Ning’s Social Networks Get Their Own App Platform

Ning, the social network for social networks, recently hit the 1 million networks milestone. But with such a huge user base comes huge user demand for additional features and functionality.

Today, Ning is about to deliver some of that functionality to their 700,000 social network creators with Ning Apps, giving them more than 90 new toys — think apps like Qik, Twitter, Ustream, Box.netTokbox, WordPress, Mailchimp, and PollDaddy — that they can use to enhance their individual networks.

The new apps aren’t just social in nature, but impressively functional, combining passion and purpose for all niche audiences. So groups that want to create their own store or sell items (like music) can select from 10 different e-commerce apps. Networks looking to collaborate can tap into 18 different options like wikis, file storage (via, docs (via Google Docs), video chat (via ToxBox), and whiteboards (via Huddle).


We’ve included a partial list below, but we think a few key apps of note are Cartfly, Wildfire, and Tickets by Ticketmaster. Cartfly will enable any social network creator to create a custom store front to sell merchandise. Wildfire can be used by the social causes crowds to raise funds and create challenges. And Tickets by Ticketmaster (LiveNation and Amiando have apps too) will make it possible for big (and small) ticket bands to promote their shows and sell tickets.

See more at Mashable.

Ticketmaster subpoenaed over reselling

image Ticketmaster has been subpoenaed or received other requests for information from the U.S. Justice Department, the Federal Trade Commission and the New Jersey Attorney General’s office, the company said in an email obtained by an industry blog.

The law enforcement agencies were interested in Ticketmaster’s relationship with its reseller TicketsNow, in particular controversial sales of tickets to Bruce Springsteen shows in New Jersey on May 21 and 23, said the email displayed on

"We have received a number of subpoenas and demands for sworn information about TicketsNow and its broker clients," Ticketmaster said in the email.

"These include formal requests for information and/or subpoenas from, among others, the United States Department of Justice, the New Jersey Attorney General’s office, the Federal Trade Commission and the Canadian Competition Bureau," the email said.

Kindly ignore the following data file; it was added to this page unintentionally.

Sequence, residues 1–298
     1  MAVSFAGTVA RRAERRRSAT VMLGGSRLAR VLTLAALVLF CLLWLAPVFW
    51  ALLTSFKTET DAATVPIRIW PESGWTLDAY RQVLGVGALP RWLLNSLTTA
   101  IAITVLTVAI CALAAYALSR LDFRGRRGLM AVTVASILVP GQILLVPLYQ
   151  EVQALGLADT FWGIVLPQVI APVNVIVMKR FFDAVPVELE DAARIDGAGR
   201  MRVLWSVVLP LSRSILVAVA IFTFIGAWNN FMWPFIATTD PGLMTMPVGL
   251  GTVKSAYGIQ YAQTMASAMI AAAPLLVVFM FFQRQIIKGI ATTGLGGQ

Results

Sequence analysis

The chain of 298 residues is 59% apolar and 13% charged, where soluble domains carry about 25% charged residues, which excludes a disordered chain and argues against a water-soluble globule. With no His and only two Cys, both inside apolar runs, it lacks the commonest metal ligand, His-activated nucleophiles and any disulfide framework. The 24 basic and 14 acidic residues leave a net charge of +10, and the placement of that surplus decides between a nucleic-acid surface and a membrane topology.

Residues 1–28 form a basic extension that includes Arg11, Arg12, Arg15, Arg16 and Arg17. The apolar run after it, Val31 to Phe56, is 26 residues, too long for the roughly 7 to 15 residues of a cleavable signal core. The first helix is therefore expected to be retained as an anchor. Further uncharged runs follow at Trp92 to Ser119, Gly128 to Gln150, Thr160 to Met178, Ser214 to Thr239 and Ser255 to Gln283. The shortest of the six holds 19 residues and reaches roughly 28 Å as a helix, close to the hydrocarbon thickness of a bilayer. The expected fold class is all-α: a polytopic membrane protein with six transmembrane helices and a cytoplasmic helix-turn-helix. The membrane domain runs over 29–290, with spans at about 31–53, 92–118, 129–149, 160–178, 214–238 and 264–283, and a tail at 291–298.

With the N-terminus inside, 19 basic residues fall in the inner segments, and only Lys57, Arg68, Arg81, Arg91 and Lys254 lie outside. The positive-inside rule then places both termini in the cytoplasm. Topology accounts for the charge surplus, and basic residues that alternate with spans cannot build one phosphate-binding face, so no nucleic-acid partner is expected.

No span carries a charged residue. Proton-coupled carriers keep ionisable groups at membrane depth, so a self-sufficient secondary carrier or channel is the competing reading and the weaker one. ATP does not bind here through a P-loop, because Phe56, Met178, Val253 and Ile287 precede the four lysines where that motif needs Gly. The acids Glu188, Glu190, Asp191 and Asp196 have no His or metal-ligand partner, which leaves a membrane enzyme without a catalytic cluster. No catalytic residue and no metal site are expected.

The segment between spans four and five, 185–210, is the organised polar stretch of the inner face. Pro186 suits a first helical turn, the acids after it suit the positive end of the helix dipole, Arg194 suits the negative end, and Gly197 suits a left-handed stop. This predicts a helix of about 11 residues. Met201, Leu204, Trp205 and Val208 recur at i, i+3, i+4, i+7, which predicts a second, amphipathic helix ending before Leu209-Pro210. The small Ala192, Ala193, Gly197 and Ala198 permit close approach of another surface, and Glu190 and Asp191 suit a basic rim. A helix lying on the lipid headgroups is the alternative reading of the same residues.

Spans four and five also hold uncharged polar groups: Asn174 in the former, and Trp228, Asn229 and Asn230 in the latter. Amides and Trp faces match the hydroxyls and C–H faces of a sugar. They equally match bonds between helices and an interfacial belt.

Ticketmaster confirmed the email was authentic but had no other comment.

Ticketmaster, which is seeking to merge with the world’s largest concert promoting company Live Nation, was besieged by complaints earlier this year when fans of Bruce Springsteen who signed on to Ticketmaster to buy concert tickets were told that they had sold out within minutes. They were instead directed to the reseller TicketsNow which had considerably more expensive tickets.

Read the full article at Yahoo News.

Bands often scalp tickets, says Nine Inch Nails’ Reznor

Purest FeelingPerformers often scalp tickets to their own performances, using and as outlets, says Nine Inch Nails founder Trent Reznor in a blog posting.

With the face value of tickets for the best seats so much less than what high rollers and avid fans are willing to pay, performers have to choose between letting scalpers reap the profits of their work or cashing in themselves, said industrial rocker Reznor in a blog posting on Sunday.

"The venue, the promoter, the ticketing agency and often the artist camp (artist, management and agent) take tickets from the pool of available seats and feed them directly to the re-seller," wrote Reznor, who has a long history of battling the music industry.

"I am not saying every one of the above entities all do this, nor am I saying they do it for all shows but this is a very common practice," wrote Reznor. " is an example of a re-seller/scalper. So is"

Reselling may disappear and the face value of tickets go up if U.S. Justice Department antitrust officials allow the planned merger of Ticketmaster and Live Nation Inc, Reznor predicted.

See the full article at Yahoo News.

Promoters wary of Live Nation/Ticketmaster merger

Live Nation Inc’s rivals in the rock concert business worry that its planned merger with Ticketmaster Entertainment Inc would mean they would lose control over business secrets — an issue that could complicate chances of antitrust approval.

These complaints by Live Nation’s competitors add to the woes piling up on the proposed merger. There are also calls for a federal investigation into Ticketmaster’s relationship with subsidiary TicketsNow because of incidents where fans were told by Ticketmaster that concerts were sold out but then were offered tickets on its subsidiary — for considerably more money.

The Senate Judiciary Committee’s antitrust subcommittee will hold hearings on the merger next Tuesday.

The latest concern is that the shrinking number of independent promoters, many of which use Ticketmaster for selling seats, fear that the company’s deal with the world’s biggest promoting company, Live Nation, would hurt the independents.

See the full article at Yahoo! News.

Live Nation to buy Ticketmaster

The world’s largest concert promoter Live Nation Inc plans to buy Ticketmaster Entertainment Inc for about $400 million in stock in a bid to create a company with dominant holdings in concert promotion and ticket sales.

But shares of both companies fell on Tuesday, amid concerns the acquisition would be blocked by U.S. antitrust regulators under the new Obama administration.

U.S. Senator Charles Schumer slammed the deal ahead of its formal announcement on Tuesday, calling for a federal probe into Ticketmaster, the top U.S. ticket vendor.

"This merger would give a giant, new entity unrivaled power over concert-goers and the prices they pay to see their favorite artists and bands," the Democrat senator from New York said in a statement.

See the full article at Yahoo! News.

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